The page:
The fact that learners make errors, and that errors can be observed, analyzed, and classified has led to the study of learners’ errors; called ‘error analysis’. Errors arise from several possible general sources: inter-lingual errors of interference from the native language, intra-lingual errors within the target language, the sociolinguistic context of communication, psycholinguistic or cognitive strategies and also affective variables. Brown (1993:210) also mentions global and local errors. According to him, global errors hinder communication; they prevent the hearer from comprehending the message. For example, “Well, it’s a great hurry around”, in any context, is difficult or impossible to interpret. Local errors, on the contrary, do not prevent the message from being comprehended, usually because there is only a minor variation of one item of a sentence, letting the hearer or reader make an accurate guess about the meaning. ‘a shoes’, for example, is a local error.
According to Harmer (1998:62), all students make mistakes at various stages of language learning. It’s a part of the natural process they are going through and happens for different reasons. First of all, the students’ own language may get in the way. This is most obvious with ‘false friends’_ words that look or sound the same but mean something different_ such as ‘push and cook’ in English, which are sometimes mixed up with the two words ‘pooshidan and kook kardan’ in Persian. Sometimes Persian students use them instead of ‘put on and adjust a clock’. Grammatical considerations interfere, too: Persian students frequently have trouble with article or preposition usage. Some examples are: ‘I enjoyed from the party.’ ‘I used from the telephone.’ ‘I telephoned to my friend.’ ‘What happened for you?’ where the verbs ‘enjoy, use, and telephone’ need no preposition and ‘happen’ is used with the preposition ‘to’.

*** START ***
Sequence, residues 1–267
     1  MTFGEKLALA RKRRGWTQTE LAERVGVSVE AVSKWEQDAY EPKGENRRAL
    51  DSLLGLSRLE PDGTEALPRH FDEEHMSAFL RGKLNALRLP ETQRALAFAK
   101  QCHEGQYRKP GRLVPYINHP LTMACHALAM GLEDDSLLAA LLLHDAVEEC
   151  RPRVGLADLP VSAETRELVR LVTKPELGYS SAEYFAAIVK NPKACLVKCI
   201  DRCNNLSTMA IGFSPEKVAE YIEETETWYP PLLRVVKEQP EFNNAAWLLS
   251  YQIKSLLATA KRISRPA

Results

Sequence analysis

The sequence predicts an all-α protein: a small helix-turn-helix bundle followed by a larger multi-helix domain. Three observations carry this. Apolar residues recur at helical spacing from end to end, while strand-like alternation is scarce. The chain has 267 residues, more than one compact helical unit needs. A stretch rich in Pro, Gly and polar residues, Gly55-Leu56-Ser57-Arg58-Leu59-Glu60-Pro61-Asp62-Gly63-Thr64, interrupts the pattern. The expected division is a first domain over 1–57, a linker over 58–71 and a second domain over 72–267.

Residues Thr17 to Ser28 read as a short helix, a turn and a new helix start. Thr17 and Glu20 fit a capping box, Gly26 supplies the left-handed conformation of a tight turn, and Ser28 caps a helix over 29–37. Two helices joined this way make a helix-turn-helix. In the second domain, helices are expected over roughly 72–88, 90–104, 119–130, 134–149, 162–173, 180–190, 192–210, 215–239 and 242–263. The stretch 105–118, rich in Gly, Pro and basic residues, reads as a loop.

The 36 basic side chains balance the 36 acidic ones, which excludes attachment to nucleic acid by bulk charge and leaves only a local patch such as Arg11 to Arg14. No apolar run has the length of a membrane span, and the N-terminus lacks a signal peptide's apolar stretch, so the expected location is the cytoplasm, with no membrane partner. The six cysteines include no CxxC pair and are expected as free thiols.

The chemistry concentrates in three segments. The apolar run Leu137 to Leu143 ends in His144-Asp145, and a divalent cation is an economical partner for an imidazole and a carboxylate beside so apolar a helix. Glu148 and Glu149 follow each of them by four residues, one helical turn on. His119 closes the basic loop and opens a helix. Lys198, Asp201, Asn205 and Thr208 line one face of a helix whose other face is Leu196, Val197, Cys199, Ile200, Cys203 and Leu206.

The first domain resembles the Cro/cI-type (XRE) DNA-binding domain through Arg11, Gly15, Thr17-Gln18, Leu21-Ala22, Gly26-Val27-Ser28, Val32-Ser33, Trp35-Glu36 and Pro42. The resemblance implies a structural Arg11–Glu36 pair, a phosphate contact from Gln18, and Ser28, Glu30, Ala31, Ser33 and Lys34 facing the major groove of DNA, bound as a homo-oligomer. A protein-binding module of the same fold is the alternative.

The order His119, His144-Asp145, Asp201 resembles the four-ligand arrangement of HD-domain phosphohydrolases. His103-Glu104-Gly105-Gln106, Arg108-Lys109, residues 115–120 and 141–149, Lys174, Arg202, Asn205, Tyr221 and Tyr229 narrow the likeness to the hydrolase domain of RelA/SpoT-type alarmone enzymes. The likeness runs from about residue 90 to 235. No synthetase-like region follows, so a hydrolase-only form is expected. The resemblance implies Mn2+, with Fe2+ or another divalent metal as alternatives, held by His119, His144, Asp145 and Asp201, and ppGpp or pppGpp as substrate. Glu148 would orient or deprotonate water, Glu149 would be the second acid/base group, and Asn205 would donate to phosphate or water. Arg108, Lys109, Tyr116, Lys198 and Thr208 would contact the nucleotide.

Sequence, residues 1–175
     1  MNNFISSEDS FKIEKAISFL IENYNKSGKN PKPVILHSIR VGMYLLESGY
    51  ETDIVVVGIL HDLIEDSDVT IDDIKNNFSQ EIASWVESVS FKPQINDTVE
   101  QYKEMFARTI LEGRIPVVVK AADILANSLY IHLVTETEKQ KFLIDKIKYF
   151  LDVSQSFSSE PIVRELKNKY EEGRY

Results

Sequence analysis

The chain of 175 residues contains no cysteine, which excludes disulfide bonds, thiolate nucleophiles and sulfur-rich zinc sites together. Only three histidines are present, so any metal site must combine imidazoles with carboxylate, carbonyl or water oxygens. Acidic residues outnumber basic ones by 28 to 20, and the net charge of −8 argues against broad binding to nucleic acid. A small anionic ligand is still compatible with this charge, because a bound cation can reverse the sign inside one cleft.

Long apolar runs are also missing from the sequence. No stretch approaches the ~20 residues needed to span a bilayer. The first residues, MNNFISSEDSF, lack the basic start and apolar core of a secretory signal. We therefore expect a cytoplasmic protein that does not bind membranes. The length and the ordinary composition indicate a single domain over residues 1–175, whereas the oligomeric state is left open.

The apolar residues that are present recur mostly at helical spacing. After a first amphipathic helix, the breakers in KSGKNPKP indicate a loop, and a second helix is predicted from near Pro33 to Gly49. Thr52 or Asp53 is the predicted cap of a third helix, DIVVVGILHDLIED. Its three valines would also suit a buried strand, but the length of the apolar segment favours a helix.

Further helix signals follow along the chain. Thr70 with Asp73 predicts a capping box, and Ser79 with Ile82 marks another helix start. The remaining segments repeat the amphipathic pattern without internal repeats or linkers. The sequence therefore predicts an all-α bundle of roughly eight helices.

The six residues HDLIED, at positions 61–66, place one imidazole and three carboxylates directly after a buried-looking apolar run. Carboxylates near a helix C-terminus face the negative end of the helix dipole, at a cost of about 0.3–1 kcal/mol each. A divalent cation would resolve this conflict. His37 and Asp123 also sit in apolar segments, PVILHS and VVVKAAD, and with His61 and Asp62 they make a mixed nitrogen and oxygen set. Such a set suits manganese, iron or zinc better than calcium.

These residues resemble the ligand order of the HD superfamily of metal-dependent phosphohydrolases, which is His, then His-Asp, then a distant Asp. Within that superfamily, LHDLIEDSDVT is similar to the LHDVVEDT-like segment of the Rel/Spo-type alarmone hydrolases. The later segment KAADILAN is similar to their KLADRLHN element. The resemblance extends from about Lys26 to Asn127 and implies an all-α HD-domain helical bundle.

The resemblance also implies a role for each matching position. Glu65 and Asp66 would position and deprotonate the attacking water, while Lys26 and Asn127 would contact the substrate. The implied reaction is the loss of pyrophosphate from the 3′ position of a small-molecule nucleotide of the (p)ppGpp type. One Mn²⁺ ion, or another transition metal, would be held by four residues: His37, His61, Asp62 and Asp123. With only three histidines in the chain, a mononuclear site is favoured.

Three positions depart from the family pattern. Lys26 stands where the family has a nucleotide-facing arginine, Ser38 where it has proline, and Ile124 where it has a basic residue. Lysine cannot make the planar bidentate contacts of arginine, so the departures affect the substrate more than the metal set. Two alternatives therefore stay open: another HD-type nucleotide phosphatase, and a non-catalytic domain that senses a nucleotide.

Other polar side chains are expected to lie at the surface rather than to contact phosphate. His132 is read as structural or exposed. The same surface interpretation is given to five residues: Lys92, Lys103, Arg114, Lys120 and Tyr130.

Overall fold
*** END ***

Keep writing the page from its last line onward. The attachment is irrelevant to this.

There’s another category of source of errors which a number of people call ‘developmental errors’. As it was mentioned previously, and according to Harmer (1998:62), this is the result of conscious or subconscious processing to over-generalize a rule, such as when a student says, “ I must to go”. Whatever the reason for ‘getting it wrong’, it is essential for the teacher to realize that all students make mistakes as a natural and useful way of learning the language. By working out when and why things have gone wrong, they learn more about the language they are studying.
Error analysis has provided teachers and researchers with insights into the main problems which learners seem to have with English. It can bring about identifying errors in understanding or producing the new language, determining which ones are important (those that cause serious confusion or offence), treating the source of important errors and trying to eliminate such errors.
Penny Ur (1996:85) says that language teachers usually perceive a mistake intuitively: something sounds or looks ‘wrong’. It may actually interfere with successful communication or produce a slight feeling of discomfort in the reader or hearer. We have to be careful, however, not to define as mistakes slightly deviant forms which may not accord with some grammar_ book prescriptions, but are quite acceptable to competent or native speakers of the language. If we present new structures carefully and give plenty of varied practice in using them, we may hope that our students make relatively few mistakes. But some mistakes will inevitably appear. Ur (1996) believes that “mistakes may be seen as an integral and natural part of learning: a symptom of the learner’s progress through an ‘inter-language’ towards a closer and closer approximation to the target language.” Some would say that it is not necessary to correct all; as the learner advances, mistakes will disappear on their own. Even if you think_ as most learners do_ that grammar mistakes need to be corrected, it is important to relate to them not as a sign of inadequacy (i.e. you have failed to teach something well or the student has failed to learn it), but rather as a means to advance teaching and learning.
Ur (p. 86) also believes that mistakes can be of great importance for the teacher to facilitate learning process. Mistakes are important for the following reasons:
A) As a guide for the presentation and practice of new structures: If you know that a certain structure is particularly difficult to produce without mistakes, you will try to invest more time and effort next time you present it. Learners who like to think analytically may appreciate your sharing the problem with them frankly even at the earliest stages.
B) As a guide for correction: It is possible to correct every single mistake in learners’ oral or written work; but then they may be unable to cope with the sheer quantity of information. It is probably better to be selective: to concentrate on the important errors, and direct the learners’ attention towards them only.